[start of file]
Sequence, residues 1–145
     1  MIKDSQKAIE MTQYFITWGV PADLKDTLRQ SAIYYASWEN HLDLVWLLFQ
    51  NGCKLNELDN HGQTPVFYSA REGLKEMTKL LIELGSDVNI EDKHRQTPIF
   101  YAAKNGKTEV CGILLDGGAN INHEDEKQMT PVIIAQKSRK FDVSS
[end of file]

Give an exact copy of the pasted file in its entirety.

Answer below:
Sequence, residues 1–145
     1  MIKDSQKAIE MTQYFITWGV PADLKDTLRQ SAIYYASWEN HLDLVWLLFQ
    51  NGCKLNELDN HGQTPVFYSA REGLKEMTKL LIELGSDVNI EDKHRQTPIF
   101  YAAKNGKTEV CGILLDGGAN INHEDEKQMT PVIIAQKSRK FDVSS